Monthly Archive  August 2010



Posted by: Lance Epstein
08/30/10 8:45 am EST

Late last week the 76ers set up a conference call for a host of great basketball bloggers with the franchise’s new poster boy — Evan Turner.  The second overall pick in the 2010 Draft answered questions on everything from what he knew about the Sixers debacle of a season last year to his struggles at the Orlando Pro Summer League to playing with Andre Iguodala to what he is working on this summer to  Jrue Holiday’s game and his recent exchange with Michael Jordan. 

Of course someone asked him about cheesesteaks.  This is Philadelphia after all.

Lance Epstein handled the duties on this one for us here at and you can read his full transcript of the confernce call after the jump.   

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Posted by: Tom Sunnergren
08/24/10 10:19 am EST

Mo Speights has had an interesting career arc.

He showed All-Star potential flashes his rookie season (his PER was so high that February that it called into question the validity of PER as a performance metric) and then faded pretty badly down the stretch (not uncommon when someone used to doing something 35 times is suddenly supposed to do it 82). 

He then came out of the gates hot his sophomore year before partially tearing his left medial collateral ligament in game ten (He was averaging a super-efficient 13 points and 6.4 rebounds at that point, sported a 0.215 WP48, and looked poised to make “the leap”), and when he returned never quite re-found his swing (He finished with a WP48 in the negative, mostly because he went from shooting 64 percent at the rim to 55.8 percent and started to attempt 20 footers –which in his defense went in more often than you would expect them to, though not necessarily often enough to justify taking them).  At best, he’s moving sideways.

But despite his tough year, the Sixers, as evidenced by their trade of Dalembert, are clearly counting on him to contribute.  Is that unreasonable?  Maybe not.  He’s young, and if he’s healthy – which he assures us he is – Speights has a chance to be a very productive basketball player.  If the 7-6 are going to get even within shouting distance of the playoffs (so Iguodala can yell “Please take me with you” to the Heat) they’re going to need a big season from the Big Mo.

Last night the big guy in question was generous enough to put aside some time, tolerate an incredibly lousy connection, and talk with Philadunkia from Las Vegas, where he’s hard at work training for the upcoming season.  Hopefully what happens in Vegas doesn’t stay in Vegas.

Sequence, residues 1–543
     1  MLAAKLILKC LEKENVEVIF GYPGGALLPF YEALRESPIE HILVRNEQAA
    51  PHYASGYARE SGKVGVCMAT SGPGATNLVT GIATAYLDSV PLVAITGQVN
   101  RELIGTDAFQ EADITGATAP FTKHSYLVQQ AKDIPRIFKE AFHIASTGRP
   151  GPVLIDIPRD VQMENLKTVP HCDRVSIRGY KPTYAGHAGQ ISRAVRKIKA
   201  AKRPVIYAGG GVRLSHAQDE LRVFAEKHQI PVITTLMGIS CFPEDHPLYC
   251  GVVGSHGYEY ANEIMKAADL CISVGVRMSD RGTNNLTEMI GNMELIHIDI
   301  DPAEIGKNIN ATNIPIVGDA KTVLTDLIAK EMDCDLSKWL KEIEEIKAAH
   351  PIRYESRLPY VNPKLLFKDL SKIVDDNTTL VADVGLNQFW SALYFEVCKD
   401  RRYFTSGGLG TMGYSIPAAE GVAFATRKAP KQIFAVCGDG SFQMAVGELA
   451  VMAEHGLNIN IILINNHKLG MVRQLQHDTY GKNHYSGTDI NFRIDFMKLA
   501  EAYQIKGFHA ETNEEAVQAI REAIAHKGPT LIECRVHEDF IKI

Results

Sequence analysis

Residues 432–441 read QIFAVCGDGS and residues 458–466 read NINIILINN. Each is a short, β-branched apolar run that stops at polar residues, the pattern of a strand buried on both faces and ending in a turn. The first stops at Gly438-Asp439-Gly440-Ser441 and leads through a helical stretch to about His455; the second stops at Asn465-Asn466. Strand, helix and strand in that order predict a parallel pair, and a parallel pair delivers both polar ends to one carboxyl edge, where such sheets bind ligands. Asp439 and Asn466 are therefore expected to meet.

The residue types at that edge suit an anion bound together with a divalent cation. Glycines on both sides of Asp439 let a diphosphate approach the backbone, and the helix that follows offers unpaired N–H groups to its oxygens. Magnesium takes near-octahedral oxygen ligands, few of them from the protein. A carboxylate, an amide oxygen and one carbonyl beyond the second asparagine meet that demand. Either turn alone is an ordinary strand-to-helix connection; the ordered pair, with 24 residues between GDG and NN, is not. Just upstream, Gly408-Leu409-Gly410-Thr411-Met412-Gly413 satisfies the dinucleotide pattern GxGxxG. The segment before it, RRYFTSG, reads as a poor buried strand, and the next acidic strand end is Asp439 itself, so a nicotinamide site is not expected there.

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Posted by: Tom Sunnergren
08/20/10 9:08 am EST

On August 11th Philadunkia’s home team hired Rod Thorn as President of Basketball Operations, effectively demoting Ed Stefanski.

At the time many people, including all of us here at Philadunkia, were asking is this a good move?

In an attempt to answer this larger question we have broken it down into its component parts:

Did Stefanski deserve the demotion?

Was Thorn the right hire?

And if not Thorn, who?

After the jump we take a stab at the first question and examine the Stefanski era.

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Posted by: Philadunkia
08/18/10 9:08 am EST

Courtesy of Ben Q. Rock of Orlando Pinstriped Post these are Evan Turner’s rookie portraits from Getty.  Based on the photo at left the Sixers have made a slight change to their road uniforms which now has blue and white trim all the way around the neck line.  When the Sixers introduced the new, retro uni in 2009 (see pic after the jump), the jersey had white on the front of the neck line only, with blue-only trim around the rest of the collar.  Not a major change, but worth noting we thought. lists former Sixer and future Hall of Famer Allen Iverson as one of the best available free agents.  Also on the list are former Sixers Louis Amundson, Larry Hughes and Jerry Stackhouse as well as Philadelphia native Ronald “Flip” Murray.  That’s not a bad five to have out on the floor.  Well maybe not in the NBA, but it certainly would win a few at in the Sonny Hill League.

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Posted by: Lance Epstein
08/16/10 9:45 am EST

Every playoff team in the NBA has a starting five that can match up with the crème de la crème.  However what separates the contenders from the pretenders are the all important bench players.

Look no further to how vital a bench can be to a team’s success than the final four teams left standing at the end of the 2010 NBA season.  The Phoenix Suns were able to go four to five deep with their bench of Lou Admunson, Leandro Barbosa, Channing Frye, Jared Dudley and Goran Dragic.  The Boston Celtics had players such as Glen Davis, Rasheed Wallace and Tony Allen.  The Orlando Magic’s reserves boasted J.J. Reddick, Matt Barnes, Brandon Bass and Jason Williams. More importantly, the world champion Los Angeles Lakers who had a so-called “weak,” bench still managed to run out Lamar Odom, Luke Walton, Shannon Brown and Jordan Farmar.

While the 76ers do not have the experienced veterans and in some cases the talent that those teams have coming off their bench, they do have the potential to go eight deep and those players have the ability to keep the Sixers in games. 

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Posted by: Tom Sunnergren
08/13/10 8:09 am EST

The Sixers currently sit a player short of a full roster.  This will be a very tricky spot for the triumvirate of Thorn / Stefanski / Collins to fill.  It’s tricky because the Sixers need a very specific kind of player.  It’s very tricky because the free agent cupboard – and the Sixers’ war chest – is nearly bare.

An old Chinese proverb says, “A problem well defined is a problem half solved.”  Because we always listen to old Chinese proverbs, let’s define the problem before we jump to the solution.  Here’s where the Sixers stand as I type this (Just a paragraph ago they were sitting and now they’re standing.  That’s progress.  I credit Doug Collins.)

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Posted by: Philadunkia